The net of large crates dropped in a heap of wooden splinters and shards, right on Rocksteady. He groaned but the pile didn’t shift, indicating that he was as out of the battle as Bebop.
As Raphael ran towards the Footbots, she saw the chemical label on the tanks and gasped. “Wait!”
Raphael skidded to a halt, eyeing her questioningly. “Those tanks are full of hydrogen.”
He blinked. “And that means…?”
“Don’t break the tanks. Even a little spark and boom. This is not the place you want things to go boom.”
His eyes widened in understanding. “Lovely. One wrong move and I’m turtle flambé.”
She was caught up with him now, as the Footbots tried circling around back towards the tunneler.
“Just don’t drop them.”
His head snapped towards her, but she was already gone. Using everything she’d learned since meeting the turtles, she put all her mutant strength and agility to the test, plowing into the crowd of Footbots, counting on Raphael to catch the tanks as each was launched airborne. Up. Under. Kick. Tail whip. Punch. One by one they fell.
As the last one dropped, she turned back to Raphael, breathing heavily as he carefully set the last tank down in the cluster he’d been making. It kind of looked like pins in the most extreme game of bowling ever.
He flashed her a grin that set her stomach fluttering. “Caught ’em all. Worst carnival game ever. Do I get to picked my stuffed prize now?”
She laughed, feeling bold in the wake of her victory, and gave him a peck on the cheek, enjoying the way his cheeks blushed to match his mask. “Sorry. That’s all I have to give.”
Rubbing his cheek, he cleared his throat. “Eh, it’ll do.”
He surveyed the mess of fallen enemies. “Ready to send this lot back to the Shredder with only excuses?”
She shook her head. “I’ll leave that to you.”
He rolled his eyes. “Gee, thanks.”
“I need to check on that alarm to make sure they didn’t do something stupid.”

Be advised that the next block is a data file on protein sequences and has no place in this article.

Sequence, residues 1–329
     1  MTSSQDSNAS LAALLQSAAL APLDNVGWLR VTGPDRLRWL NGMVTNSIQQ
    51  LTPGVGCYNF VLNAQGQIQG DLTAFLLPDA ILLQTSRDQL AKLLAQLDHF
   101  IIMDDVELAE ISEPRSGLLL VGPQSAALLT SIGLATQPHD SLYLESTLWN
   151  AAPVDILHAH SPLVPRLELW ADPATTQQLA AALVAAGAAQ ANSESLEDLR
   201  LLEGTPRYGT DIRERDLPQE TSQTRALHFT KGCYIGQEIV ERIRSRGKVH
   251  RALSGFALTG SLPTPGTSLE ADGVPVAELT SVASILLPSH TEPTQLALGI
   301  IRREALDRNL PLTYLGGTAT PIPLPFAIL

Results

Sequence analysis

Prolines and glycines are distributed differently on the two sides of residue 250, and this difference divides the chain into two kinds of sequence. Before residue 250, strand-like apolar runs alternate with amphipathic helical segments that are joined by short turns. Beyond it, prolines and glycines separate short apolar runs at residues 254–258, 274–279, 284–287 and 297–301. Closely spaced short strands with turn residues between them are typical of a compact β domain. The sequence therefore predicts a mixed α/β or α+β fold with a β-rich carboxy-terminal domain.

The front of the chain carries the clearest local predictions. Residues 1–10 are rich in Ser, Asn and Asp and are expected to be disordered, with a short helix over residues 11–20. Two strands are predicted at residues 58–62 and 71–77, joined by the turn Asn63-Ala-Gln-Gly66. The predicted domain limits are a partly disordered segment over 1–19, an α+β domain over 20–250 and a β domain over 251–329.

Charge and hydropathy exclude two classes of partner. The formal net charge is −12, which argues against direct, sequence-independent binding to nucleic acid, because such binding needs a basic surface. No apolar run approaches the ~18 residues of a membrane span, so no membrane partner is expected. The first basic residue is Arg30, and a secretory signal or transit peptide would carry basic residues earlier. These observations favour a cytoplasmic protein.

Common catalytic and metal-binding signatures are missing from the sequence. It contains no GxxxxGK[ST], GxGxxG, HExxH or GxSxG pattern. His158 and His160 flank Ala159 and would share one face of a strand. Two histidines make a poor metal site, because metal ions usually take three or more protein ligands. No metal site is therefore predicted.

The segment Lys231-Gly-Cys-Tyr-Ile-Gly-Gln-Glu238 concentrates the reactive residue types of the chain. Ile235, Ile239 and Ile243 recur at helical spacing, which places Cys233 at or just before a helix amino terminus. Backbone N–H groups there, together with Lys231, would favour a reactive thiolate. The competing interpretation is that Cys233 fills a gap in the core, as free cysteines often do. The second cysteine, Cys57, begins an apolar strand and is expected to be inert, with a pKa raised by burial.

He laughed. “The wonder twins not doing something stupid? What reality are you living in, lady?”
She sighed, trying and failing to hide her amusement. “Fine. I need to go fix the stupid thing or things they’ve done.”
Raphael grabbed Bebop’s ankles and started dragging him toward the tunneler. “Well if you finish with that, I wouldn’t say no to a little help with heavy lifting.”
“I’ll keep that in mind.”
She turned and stepped into the refinery, quickly getting a sense of the layout. Fifteen minutes later, she’d located the control room and mitigated the damage done by the Shredder’s goons, saving the neighborhood from what would have otherwise been a very newsworthy explosion. Sorry April.
By the time she got back out, the goons and tunneler were gone and Raphael was examining a scrap of paper.
He looked up and smiled. “Late for the party, I see.”
The corner of her mouth quirked up in a smile. “You’re a big, strong turtle. I figured you had it covered.”
She plucked the paper from his grasp, scanning the column of bullet-pointed items.
“The Shredder’s shopping list?” He suggested.
She frowned. Some of the things were very dangerous, others completely innocuous. But she couldn’t see the whole that they made when put together. “What does he want with all this?”
Raphael shrugged. “Don’t sweat it. That’s what Donatello’s for.”
She handed the paper back to him and he tucked it into his belt. “We’d better get back before they send out a search party.”
He nodded thoughtfully as he tagged along after her. “Uh, Mona Lisa?”
“Yes.” She answered as she scaled the fence.
“I was wondering…have you ever thought about, you know…being human again?”
So he had noticed. Without his armor of sarcasm, he seemed so vulnerable that all thoughts of deflecting the question with a joke, fled her mind. He deserved honesty anyway.
“Yeah, I have. I do. A lot. I miss my family. My friends. My life.” Watching his expression fall, she rushed to correct herself. “But I have you guys now and you’re great, so it’s not all bad. I wouldn’t give up knowing you for anything.”
He managed a smile that reached his eyes. “Even Michelangelo.”
She grinned. “Even Michelangelo, although he’s welcome to stop trying out his culinary experiments on me at any time.”
Her smile dropped. “It doesn’t matter anyway. This is my life now and I need to accept it. Don’t worry. I’ll be ok. I’m just a little homesick.” She turned away as she spoke, so he wouldn’t see the lie in her eyes. “Come on. Let’s get these pizzas home.”
Raphael knew that he was unusually quiet on the way back and that it was worrying Mona Lisa, but he couldn’t help it. Suspecting was one thing. Confirming those suspicions was another. She wanted to go home. Back to her real life. And why wouldn’t she? It was probably a million times better than squatting in the sewers. He couldn’t ask her to stay. And he wouldn’t. She deserved better than he could give, though the thought of her leaving left him hollow inside. This wasn’t about him.
Leading the way into the lair, he dropped his stack of pizzas on the table with Mona Lisa not far behind.
“Take long much?” Michelangelo, the first to appear at the scent of pizza, peeked into the top box. “Dude, you are the worst pizza delivery service ever.”